Worries about budget concerns led the Prince William Board of County Supervisors to unanimously postpone action this afternoon on the proposed resolution to crack down on illegal immigration.
The board approved, in theory the resolution directing county police to check the legal status of people if they believe there is probable cause that they are illegal immigrants. They will take up the funding for seven officers to create the criminal alien unit on Oct. 16.
The vote stopped short of denying some county services which included prohibiting illegal immigrants from participating in substance abuse programs in the Prince William-Manassas regional jail and preventing illegal immigrants who are homeless from receiving rental and mortgage assistance.
A majority of the supervisors weren’t ready to pass the parts of the resolution denying services until after the cost of implementing them until the board fully understood the cost.
Both sides are claiming victory.
Ricardo Juarez-Nava of Mexicans Without Borders, a group that opposed the resolution, said marches, demonstrations, a boycott of area businesses and more than 7,000 letters persuaded the supervisors to defer the vote
“Today we claim a partial victory in the immigrant struggle,” Juarez told a crowd of about 650 outside the McCoart Administration Center after the board vote.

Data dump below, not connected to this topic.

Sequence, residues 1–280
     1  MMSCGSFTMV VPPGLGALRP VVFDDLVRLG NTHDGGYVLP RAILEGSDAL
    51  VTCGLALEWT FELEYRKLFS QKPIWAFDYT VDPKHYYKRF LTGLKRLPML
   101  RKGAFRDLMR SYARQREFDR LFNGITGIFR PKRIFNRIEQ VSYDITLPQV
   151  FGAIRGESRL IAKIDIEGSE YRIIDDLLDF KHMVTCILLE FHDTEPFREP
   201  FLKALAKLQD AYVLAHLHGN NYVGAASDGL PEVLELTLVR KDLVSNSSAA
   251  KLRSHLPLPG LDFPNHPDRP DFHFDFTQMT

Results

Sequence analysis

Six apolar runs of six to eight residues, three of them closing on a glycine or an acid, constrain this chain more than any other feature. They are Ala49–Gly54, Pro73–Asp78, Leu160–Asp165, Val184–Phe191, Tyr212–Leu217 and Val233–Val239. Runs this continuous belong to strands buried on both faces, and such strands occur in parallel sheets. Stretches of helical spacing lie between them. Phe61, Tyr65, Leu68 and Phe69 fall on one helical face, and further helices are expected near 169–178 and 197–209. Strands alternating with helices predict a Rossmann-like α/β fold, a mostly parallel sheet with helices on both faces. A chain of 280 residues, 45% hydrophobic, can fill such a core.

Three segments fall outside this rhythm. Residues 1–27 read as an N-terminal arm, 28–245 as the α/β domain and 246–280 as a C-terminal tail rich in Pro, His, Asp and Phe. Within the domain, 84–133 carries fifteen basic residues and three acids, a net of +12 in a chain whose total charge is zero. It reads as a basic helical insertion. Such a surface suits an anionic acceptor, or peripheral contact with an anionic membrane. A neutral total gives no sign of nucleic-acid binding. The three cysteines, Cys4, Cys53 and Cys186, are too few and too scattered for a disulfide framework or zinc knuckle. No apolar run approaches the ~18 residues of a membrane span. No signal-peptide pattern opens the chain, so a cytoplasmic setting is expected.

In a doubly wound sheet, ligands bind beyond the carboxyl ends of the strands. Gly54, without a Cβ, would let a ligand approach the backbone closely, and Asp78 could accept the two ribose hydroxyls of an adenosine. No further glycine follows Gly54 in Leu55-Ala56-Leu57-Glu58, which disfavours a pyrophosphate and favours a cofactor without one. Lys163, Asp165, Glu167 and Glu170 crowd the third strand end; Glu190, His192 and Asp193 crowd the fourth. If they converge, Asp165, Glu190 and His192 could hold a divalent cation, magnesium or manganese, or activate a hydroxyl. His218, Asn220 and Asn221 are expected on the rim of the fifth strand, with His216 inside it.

Greg Letiecq, the president of Help Save Manassas which supports the resolution, also considered the board’s vote a partial victory because it accepted Prince William Police Chief Charlie T. Deane’s proposal .
The resolution also authorized the Prince William Juvenile Detention Center to explore having some of it’s officer trained under section 287(g) of the Illegal Immigration Reform and Immigrant Responsibility Act
“This is good ,” Letiecq said. “The juvenile detention center 287(g) is an excellent initiative.”
Supervisor W.S. “Wally” Covington, III, said he thought the board had been pulled away from its “central mission “
“We’ve been pulled into the federal debate more than I’m really comfortable with. I don’t disagree with staff’s position that ultimately this is a federal decision,” Covington said.”i believe we’ve gotten into a debate of who America is.”
But Covington said the supervisors were on the board to count the cost.
“For me what this has always been about is what the cost is – the cost of illegal immigration in Prince William County,” he said.
Covington supported having the police enforce immigration law, but said he had “concerns about how we’re going to pay for it.”
Deane told the board that ICE training for police staff, extra work for police officers and farming out prisoners to other jails across the state will cost the county about $14.2 million over five years.
John T. Stirrup, R-Gainesville, proposed the resolution on July 10 and the board gave county staff 90 days to determine which county services could be denied to illegal immigrants.
Staff presented the resolution to the board today.